Taver stops in one of the main city squares, ignoring our men dispersing behind, expecting them to follow the plans made last night. He doesn’t get off his war steed, just beckons one of the city guard over.
“Summon your captain.” Taver barks his order. I also remain on my horse, looking stern. It is easy; if things go wrong, I could be fighting our own people.
Heads start poking out of windows and doors as we wait. And suddenly the streets are filled with people. I can almost hear the gossip spreading down the streets and across the city. The people are smiling, but… I turn to Taver.
“There are no children, or elders.”
Taver nods his understand, but doesn’t take his attention from the man striding toward us.
“Lord,” he begins when he is close enough to be heard, having enough sense, apparently, not to get too close to the great war steed Taver is riding, “My Lieutenant will show your men to barracks and I will escort you to Lord Orsin.”
Taver doesn’t answer. As planned, I urge my steed forward and draw my Sword. “Just a little lightening if you please, I want them awed, not terrified.” My Sword does not answer, but does do as I ask.
“Take him,” I command, without looking toward our men. They already know which four of them the command is for. They move fast, and have him secure before he can draw his sword. His lieutenant doesn’t try to help him, just looks on trying unsuccessfully to hide his satisfaction.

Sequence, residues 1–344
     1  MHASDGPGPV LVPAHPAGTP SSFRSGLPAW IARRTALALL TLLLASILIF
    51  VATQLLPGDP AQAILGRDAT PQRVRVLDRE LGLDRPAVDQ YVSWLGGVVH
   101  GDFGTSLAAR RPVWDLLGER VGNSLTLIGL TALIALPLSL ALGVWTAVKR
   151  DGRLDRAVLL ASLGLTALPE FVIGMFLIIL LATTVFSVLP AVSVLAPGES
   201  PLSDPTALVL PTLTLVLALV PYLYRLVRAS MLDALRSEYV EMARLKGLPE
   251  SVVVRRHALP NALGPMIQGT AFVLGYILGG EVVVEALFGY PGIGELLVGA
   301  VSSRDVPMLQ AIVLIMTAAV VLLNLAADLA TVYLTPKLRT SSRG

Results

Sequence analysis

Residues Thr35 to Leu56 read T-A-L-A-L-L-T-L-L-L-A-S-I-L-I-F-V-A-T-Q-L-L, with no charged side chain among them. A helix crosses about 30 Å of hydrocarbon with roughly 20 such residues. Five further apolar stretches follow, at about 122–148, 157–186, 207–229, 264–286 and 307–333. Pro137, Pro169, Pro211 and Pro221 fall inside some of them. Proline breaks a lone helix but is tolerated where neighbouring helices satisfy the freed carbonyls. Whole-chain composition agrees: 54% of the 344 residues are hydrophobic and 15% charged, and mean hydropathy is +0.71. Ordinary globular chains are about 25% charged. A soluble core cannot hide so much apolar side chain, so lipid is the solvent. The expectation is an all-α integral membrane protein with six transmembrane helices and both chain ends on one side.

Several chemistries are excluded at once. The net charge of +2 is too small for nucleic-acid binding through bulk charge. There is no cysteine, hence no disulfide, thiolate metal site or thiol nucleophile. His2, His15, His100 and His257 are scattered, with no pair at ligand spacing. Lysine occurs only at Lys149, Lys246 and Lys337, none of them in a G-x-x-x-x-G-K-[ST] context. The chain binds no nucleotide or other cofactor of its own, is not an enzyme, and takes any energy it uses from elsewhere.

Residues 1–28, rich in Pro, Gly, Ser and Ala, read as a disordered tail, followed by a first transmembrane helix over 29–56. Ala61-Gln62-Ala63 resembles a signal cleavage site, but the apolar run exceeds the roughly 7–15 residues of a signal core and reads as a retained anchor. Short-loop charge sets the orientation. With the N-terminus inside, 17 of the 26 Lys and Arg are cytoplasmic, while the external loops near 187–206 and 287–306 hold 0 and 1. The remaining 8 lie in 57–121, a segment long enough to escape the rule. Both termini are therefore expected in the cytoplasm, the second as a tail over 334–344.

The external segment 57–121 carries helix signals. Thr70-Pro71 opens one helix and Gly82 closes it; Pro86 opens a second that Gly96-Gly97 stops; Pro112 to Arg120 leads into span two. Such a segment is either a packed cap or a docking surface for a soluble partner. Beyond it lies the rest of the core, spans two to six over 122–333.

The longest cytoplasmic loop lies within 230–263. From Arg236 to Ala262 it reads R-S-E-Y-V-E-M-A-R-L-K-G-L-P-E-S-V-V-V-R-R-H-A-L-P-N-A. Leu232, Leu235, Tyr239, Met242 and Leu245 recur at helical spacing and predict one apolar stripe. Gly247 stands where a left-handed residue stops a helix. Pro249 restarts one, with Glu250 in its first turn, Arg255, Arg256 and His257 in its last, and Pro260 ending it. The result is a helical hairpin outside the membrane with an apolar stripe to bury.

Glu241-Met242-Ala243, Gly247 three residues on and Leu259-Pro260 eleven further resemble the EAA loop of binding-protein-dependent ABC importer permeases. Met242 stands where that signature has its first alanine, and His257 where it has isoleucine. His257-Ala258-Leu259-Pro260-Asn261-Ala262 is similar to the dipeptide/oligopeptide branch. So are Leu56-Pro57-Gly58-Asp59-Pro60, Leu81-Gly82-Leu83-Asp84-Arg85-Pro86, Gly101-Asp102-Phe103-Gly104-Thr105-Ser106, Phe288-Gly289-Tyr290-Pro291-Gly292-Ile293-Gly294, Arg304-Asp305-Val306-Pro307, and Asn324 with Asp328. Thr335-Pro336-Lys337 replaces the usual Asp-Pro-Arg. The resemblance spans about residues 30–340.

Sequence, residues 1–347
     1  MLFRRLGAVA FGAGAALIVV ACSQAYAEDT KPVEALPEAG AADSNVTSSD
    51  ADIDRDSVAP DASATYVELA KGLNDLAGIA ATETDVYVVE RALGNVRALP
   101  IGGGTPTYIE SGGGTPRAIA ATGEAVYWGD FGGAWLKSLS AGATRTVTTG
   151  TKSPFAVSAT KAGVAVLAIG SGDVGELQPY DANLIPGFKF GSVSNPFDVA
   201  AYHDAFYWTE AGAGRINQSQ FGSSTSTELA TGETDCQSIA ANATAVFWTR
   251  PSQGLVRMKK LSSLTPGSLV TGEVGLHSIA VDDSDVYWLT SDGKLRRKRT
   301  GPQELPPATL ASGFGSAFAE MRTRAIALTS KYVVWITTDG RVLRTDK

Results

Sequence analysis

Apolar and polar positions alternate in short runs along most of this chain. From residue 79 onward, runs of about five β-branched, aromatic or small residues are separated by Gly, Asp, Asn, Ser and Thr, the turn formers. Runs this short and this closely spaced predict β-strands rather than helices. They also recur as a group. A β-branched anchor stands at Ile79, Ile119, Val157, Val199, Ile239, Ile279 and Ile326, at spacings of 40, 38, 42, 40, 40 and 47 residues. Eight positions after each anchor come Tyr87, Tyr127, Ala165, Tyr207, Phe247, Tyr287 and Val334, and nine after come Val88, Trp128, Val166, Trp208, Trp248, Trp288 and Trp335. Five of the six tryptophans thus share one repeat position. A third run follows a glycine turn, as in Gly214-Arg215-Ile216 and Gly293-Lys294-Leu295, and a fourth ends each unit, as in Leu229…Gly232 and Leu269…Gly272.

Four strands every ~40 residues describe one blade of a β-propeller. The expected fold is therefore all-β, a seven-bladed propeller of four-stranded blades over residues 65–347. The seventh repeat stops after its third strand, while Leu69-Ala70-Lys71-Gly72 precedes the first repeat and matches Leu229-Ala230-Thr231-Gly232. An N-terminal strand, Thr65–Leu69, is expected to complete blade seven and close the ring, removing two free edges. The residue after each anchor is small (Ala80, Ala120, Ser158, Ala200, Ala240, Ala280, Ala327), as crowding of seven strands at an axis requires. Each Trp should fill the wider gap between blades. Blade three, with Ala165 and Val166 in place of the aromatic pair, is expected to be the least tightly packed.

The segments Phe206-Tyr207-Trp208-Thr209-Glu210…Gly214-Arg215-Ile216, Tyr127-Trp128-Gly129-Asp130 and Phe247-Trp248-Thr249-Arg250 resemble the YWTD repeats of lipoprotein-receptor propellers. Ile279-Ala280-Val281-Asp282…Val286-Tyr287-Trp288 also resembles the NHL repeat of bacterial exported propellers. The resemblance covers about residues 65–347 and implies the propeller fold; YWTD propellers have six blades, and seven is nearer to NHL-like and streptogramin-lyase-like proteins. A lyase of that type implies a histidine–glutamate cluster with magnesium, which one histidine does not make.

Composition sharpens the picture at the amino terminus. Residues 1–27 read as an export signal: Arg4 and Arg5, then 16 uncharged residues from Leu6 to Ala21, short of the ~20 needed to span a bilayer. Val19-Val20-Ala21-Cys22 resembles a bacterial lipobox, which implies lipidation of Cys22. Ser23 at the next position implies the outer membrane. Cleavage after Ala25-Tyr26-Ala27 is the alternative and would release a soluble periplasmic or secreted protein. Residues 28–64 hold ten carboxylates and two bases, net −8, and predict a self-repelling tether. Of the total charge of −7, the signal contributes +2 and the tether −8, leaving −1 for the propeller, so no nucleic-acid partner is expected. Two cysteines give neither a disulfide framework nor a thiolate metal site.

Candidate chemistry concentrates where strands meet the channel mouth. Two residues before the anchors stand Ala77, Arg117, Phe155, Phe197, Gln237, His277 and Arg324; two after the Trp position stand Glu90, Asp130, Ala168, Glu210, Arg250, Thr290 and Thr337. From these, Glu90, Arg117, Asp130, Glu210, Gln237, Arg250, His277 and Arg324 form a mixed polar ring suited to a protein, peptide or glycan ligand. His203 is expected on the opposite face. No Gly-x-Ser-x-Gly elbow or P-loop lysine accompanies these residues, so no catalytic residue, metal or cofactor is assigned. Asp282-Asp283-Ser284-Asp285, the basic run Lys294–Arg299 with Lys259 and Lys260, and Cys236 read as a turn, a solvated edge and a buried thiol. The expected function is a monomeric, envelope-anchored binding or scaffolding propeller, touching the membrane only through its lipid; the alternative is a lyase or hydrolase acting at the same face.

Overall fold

“Strip him.” Only his Lieutenant is surprised at his tattoo. “What is your name, Lieutenant?”
“Kale, Wielder. And he is not truly our Captain.”
I nod my agreement. “You are acting Captain until we find Conners.” Once the assassin had been unmasked yesterday, the other five were a wealth of information and opinions. If Kale hadn’t accompanied the impostor Captain I would have sent for him. “Tell your men to stand ready for orders from the Wielder.”
He salutes and turns to start giving his own orders. We pause for a moment as part of the battalion secures the main gate. The supply horses and their keepers mass to the side and the two ShadowWalkers are taken into one of the guardrooms on each side of the gate. The other five watchers are sent to spread the word through the city that the Wielder has arrived.
All of this is accomplished in a surprisingly short time, with a great deal of co-operation from the city guard and the massing citizens. Through it all, I sit rigid and stern trying not to run away in screaming panic at the expectations held of me, at the many faces looking toward me in relief. I’m not some hero out of a lore story. They expect too much. I hate it. And I had ridden here, demanded to ride here, counting on just this, counting on being able to turn the city against Orsin just by my presence on the other side. It does not make me happy to be right. Of course, I would not have been happy if we had to fight our way in, either.
Taver moves out, and I ride beside him. There are mounting crowds, watching, expecting.